That connectivity is also bringing mobile devices together with flat-screen TVs. The addition of HDMI connections to cellular phones, for example, is allowing companies like Sony, Samsung, and LG to offer a new level of product integration. Consumers can begin watching a movie or program on a handheld device and then plug the device into their HDTV set via the HDMI port and finish watching the program on the big screen.

Music, Too
And music services are getting into the mix. Sony’s Qriocity music-subscription service is designed to give music fans greater flexibility in accessing more than 6 million songs on any Sony device both on the road and at home.

“For us,” says Kaz Hirai, president/group CEO of Sony Entertainment, “services that connect will also empower the many Sony mobile devices that are so pervasive in the consumer market.”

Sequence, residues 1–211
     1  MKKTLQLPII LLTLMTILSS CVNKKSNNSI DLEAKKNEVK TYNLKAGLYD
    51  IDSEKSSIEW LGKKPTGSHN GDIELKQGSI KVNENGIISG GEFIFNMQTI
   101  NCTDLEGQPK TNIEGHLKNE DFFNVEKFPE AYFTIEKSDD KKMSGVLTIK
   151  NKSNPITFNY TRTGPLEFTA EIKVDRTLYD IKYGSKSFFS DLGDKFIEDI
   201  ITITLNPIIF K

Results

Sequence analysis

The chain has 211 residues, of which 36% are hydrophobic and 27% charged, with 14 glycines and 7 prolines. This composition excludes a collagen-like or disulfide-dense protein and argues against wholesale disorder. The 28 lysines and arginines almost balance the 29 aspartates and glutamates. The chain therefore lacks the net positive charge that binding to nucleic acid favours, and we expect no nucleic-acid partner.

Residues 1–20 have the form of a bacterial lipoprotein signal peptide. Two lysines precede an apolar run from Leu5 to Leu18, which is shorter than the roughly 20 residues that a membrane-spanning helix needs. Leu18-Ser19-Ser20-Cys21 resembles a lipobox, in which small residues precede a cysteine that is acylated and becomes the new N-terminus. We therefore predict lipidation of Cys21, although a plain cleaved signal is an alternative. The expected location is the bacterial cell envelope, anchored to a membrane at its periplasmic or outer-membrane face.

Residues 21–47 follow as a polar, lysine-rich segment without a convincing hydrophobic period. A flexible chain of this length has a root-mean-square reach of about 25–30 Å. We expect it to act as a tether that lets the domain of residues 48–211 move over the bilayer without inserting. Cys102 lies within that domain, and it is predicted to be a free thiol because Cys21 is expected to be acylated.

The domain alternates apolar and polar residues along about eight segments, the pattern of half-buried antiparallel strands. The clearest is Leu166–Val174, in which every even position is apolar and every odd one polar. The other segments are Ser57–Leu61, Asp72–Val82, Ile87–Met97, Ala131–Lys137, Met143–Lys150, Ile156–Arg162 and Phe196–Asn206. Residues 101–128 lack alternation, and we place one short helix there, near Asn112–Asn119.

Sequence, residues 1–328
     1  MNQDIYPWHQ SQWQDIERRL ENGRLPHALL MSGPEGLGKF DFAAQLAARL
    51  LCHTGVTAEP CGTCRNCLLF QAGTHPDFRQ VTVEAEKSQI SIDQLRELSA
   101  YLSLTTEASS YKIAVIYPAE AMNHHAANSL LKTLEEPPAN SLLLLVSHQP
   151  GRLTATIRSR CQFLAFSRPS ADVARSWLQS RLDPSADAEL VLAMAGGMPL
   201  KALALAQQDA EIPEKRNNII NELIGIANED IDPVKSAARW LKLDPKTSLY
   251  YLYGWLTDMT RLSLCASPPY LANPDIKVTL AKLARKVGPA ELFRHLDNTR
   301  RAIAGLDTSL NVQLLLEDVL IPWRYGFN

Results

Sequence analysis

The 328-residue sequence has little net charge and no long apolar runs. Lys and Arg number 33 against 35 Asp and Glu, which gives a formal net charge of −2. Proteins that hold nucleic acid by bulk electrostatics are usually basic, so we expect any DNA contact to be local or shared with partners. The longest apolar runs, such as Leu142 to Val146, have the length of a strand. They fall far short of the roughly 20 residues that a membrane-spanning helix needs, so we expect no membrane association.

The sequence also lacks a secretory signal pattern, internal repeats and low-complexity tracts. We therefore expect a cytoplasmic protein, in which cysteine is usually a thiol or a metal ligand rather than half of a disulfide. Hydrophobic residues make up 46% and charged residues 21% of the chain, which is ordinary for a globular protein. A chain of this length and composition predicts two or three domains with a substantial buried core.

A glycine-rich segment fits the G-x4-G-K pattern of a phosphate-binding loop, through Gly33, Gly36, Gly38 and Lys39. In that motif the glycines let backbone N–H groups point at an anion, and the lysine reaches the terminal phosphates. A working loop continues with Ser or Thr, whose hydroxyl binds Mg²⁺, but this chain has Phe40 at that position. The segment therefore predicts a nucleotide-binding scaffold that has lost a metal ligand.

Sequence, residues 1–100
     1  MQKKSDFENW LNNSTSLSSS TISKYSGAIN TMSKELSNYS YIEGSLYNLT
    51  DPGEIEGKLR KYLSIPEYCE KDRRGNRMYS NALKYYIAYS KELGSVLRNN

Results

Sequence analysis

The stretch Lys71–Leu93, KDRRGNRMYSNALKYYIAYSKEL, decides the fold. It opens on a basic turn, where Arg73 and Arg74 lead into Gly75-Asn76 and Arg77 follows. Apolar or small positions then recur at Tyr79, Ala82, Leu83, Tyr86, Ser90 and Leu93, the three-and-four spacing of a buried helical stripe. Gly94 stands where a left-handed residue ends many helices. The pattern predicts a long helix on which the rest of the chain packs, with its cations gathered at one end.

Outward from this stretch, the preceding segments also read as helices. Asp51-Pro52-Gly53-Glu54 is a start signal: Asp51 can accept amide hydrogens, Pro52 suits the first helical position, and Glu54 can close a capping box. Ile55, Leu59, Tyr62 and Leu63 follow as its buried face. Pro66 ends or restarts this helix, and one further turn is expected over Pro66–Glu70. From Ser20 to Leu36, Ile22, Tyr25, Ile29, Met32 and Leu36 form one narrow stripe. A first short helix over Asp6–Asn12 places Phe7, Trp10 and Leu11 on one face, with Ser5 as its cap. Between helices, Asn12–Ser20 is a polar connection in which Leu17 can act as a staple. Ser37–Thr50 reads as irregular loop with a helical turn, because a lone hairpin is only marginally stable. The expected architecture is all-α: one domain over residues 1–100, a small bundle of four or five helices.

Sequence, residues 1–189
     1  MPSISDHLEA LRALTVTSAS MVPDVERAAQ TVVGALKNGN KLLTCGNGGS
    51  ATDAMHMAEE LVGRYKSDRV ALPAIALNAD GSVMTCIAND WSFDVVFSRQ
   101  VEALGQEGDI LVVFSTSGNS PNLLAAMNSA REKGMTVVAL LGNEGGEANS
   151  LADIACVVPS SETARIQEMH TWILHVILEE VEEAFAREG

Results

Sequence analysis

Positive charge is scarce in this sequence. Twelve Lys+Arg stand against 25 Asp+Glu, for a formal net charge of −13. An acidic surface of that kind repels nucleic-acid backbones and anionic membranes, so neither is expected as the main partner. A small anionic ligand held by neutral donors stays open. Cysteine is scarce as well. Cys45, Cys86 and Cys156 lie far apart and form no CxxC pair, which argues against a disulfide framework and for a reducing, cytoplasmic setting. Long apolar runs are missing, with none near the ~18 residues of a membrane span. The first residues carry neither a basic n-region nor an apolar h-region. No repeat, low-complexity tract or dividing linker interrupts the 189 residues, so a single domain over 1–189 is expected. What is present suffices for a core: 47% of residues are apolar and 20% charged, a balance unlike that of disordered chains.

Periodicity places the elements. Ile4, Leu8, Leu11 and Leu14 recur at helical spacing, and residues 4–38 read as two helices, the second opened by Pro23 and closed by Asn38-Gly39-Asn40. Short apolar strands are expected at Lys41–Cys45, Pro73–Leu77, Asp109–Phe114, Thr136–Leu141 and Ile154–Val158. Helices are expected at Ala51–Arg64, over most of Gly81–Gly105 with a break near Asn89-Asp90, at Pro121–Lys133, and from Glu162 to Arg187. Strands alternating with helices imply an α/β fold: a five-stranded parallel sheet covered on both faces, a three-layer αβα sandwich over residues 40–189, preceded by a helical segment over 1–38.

The Qriocity music service also may portend the future of video-content delivery. The service offers a robust search engine that automatically tracks down music the listener will like based on previous songs played.

Jay Ko, VP, Standards and Technology Enabling Team, Samsung Electronics, says similar intelligence needs to be brought to the TV experience: “Smarter content search needs to evolve, not a file based on keyword search but something that knows semantical relationships and tracks rights.”